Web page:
We need your prayers more than ever, friends.
“I pray also that the eyes of your heart may be enlightened in order that you may know the hope to which He has called you, the riches of His glorious inheritance in the saints, and His incomparable great power for us who believe. That power is like the working of His mighty strength, which He exerted in Christ when He raised Him from the dead and seated Him at His right hand in the heavenly realms, far above all rule and authority, power and dominion, and every title that can be given, not only in the present age, but also in the one to come.”
My dad taught me to always look on the bright side – to make lemonade out of lemons. No matter how difficult our circumstance were, he would find something positive and not let us give in to discouragement. I recognize myself doing this on a regular basis with Jay and the kids and it hit me one day that this precious gift of positivity came from my dad.
Thank you Daddy!
My dad taught me to always return things better than I found them. If we borrowed anything from anyone, it was to be cleaned up and returned in better condition. As a child this sometimes frustrated me, but as I grew, I appreciated this valuable life lesson. I am passing this on to my kids because I believe it shows honor, respect and thankfulness to those you borrow from.
My dad taught me to laugh and to find humor in all of life. He had a great smile and I loved it when he would get this mischievous look in his eyes when he was about to do something silly. He also taught me to laugh at myself and not take life too seriously. What a gift!
Thank you Deeyad!
My dad taught me honesty. He was truthful, even when it cost him something. I have seen the value of this played out in my dad’s life and in my own. He taught me from an early age that if we are caught in lies and are not honest, then we can’t be trusted; and trust is paramount in all relationships. This is a bedrock principle that is now woven into the very fabric of my parenting. I praise honesty and will even let my children out of a consequence if they come to me and confess the truth.
My dad taught me humility. He readily admitted his wrongs and was quick to apologize and make things right. I can’t tell you how much I valued this growing up and even more so into my adult years. This has been a staple with my own children. When I have wronged them or hurt them, I have been able to go to them and ask their forgiveness and they have done the same with me. It’s beautiful and has allowed our relationships to stay close and genuine.
My dad taught me how to leave this world with dignity. When he was receiving hospice, he never lost his sense of humor, his beautiful smile or his ability to put everyone around him at ease. Of course, it bothered him that others had to wait on him, care for him and fuss on his behalf. He was a modest man, simple and kind and was more comfortable doing for others. He cared more about how his death would affect each of us and always wanted his kids to be ok. He disliked the decline of his body, but received it in true character – as a man of honor.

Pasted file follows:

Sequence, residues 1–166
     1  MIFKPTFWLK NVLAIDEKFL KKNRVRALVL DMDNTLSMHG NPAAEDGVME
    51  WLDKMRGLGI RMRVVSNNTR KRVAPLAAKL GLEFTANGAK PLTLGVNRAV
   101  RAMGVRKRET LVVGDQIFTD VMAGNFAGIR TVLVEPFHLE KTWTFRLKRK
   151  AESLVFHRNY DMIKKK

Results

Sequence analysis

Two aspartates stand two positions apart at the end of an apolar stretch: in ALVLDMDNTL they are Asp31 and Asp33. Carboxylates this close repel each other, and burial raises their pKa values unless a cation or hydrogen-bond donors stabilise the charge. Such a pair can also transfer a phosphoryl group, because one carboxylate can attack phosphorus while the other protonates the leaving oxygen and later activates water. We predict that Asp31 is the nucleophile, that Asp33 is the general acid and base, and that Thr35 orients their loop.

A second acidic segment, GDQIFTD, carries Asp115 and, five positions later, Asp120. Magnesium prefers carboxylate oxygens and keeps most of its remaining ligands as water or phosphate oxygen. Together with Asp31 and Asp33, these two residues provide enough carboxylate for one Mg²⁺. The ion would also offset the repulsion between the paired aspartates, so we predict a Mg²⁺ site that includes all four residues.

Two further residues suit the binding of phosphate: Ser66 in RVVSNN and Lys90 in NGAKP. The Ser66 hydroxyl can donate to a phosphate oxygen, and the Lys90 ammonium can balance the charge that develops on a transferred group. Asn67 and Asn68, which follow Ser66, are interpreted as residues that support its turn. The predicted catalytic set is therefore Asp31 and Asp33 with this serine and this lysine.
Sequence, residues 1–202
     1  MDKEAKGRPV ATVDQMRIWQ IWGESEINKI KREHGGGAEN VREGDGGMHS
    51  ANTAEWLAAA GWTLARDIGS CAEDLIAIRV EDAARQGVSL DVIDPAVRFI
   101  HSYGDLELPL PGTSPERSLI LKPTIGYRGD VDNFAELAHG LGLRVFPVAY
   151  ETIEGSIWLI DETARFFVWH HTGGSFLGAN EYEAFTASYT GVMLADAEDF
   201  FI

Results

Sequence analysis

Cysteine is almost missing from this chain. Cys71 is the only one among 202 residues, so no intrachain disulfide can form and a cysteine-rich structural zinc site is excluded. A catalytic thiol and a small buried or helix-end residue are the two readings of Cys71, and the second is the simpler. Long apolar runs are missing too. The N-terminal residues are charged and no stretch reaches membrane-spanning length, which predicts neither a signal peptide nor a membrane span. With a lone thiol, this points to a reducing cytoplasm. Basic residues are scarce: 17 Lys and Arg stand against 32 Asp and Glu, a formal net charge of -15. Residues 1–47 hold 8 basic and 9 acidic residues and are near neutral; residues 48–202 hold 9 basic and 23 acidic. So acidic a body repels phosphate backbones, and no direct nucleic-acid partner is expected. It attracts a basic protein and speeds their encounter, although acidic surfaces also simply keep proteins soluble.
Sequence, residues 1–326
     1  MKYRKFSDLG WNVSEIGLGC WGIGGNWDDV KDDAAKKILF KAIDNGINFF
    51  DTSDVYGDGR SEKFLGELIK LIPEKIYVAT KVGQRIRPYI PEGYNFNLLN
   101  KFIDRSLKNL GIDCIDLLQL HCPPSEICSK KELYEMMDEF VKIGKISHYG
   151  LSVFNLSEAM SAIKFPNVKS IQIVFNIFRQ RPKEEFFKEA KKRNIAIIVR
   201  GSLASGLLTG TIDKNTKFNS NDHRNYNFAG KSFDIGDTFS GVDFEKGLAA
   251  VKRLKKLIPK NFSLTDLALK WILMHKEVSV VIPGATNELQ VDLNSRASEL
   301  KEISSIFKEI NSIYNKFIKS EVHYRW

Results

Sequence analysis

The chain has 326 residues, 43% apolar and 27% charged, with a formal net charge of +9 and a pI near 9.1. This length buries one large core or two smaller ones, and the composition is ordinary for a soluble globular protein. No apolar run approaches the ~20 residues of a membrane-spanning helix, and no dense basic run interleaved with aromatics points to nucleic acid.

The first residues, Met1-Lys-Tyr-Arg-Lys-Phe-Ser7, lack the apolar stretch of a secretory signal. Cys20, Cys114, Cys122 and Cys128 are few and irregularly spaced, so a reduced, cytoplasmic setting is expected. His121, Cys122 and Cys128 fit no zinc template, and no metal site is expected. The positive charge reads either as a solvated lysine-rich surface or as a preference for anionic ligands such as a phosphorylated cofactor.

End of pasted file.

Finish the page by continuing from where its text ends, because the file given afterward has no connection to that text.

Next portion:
As we celebrated Father’s Day this year, I had moments of joy for all the wonderful principles my dad taught me, and moments of sorrow that I can no longer see him face to face, wrap my arms around his neck and whisper, “Thank you Daddy” in his ear.
I have experienced freedom in many forms throughout my life as God has continued to chip away at my false identity. Recently, at the marriage retreat Jay and I attended in Colorado, God graciously healed a portion of my life that I had pushed beneath the surface, hoping it would eventually dissipate with time.
I have had a secret and very deep struggle over the last 23 years. I believe it began even earlier than this; when my personal, physical boundaries were invaded as a small child. My sense of self, body, and image were completely distorted and fractured.
Then sometime after I graduated high school, I put on a few pounds. All of a sudden, I started feeling unattractive and fat as my natural athletic build began to disappear under the recent addition of weight. It didn’t help that my current boyfriend would regularly grab my backside and say I needed to lose about 10lbs and that I’d really look great if I lost weight.
As a result, I became obsessed with being thin and tried many unhealthy roads to get my desired, ideal body. Unfortunately, this took a toll on my health and my self-esteem.
I hated what I had become.
This catapulted me into a long battle with a body image disorder. I had never heard this term, until recently; but it describes exactly what I experienced.
No matter how much I dieted or how much I exercised, I was never satisfied with what I saw in the mirror. It was a horrible prison and I desperately wanted out – but couldn’t find a way to escape.
Fast-forward 20 years.
Through a series of studies, books, and desperate prayers I regained a healthy relationship with food and no longer abused my body by eating too much or too little. I no longer obsessed over what I ate, but truly found a love for eating healthy and feeling the energy and life that comes from wholesome food. I no longer beat myself up over poor food choices or a lack of exercise.
Yet, through these years of freedom, there was still something wrong. Each and every time I looked in the mirror to check an outfit or fix my hair, I inwardly detested what I saw.
I felt fat and ugly.
My freedom with food has been a huge victory, but I still had a growing contempt for my body; something I was deeply ashamed of and did not want to share with anyone.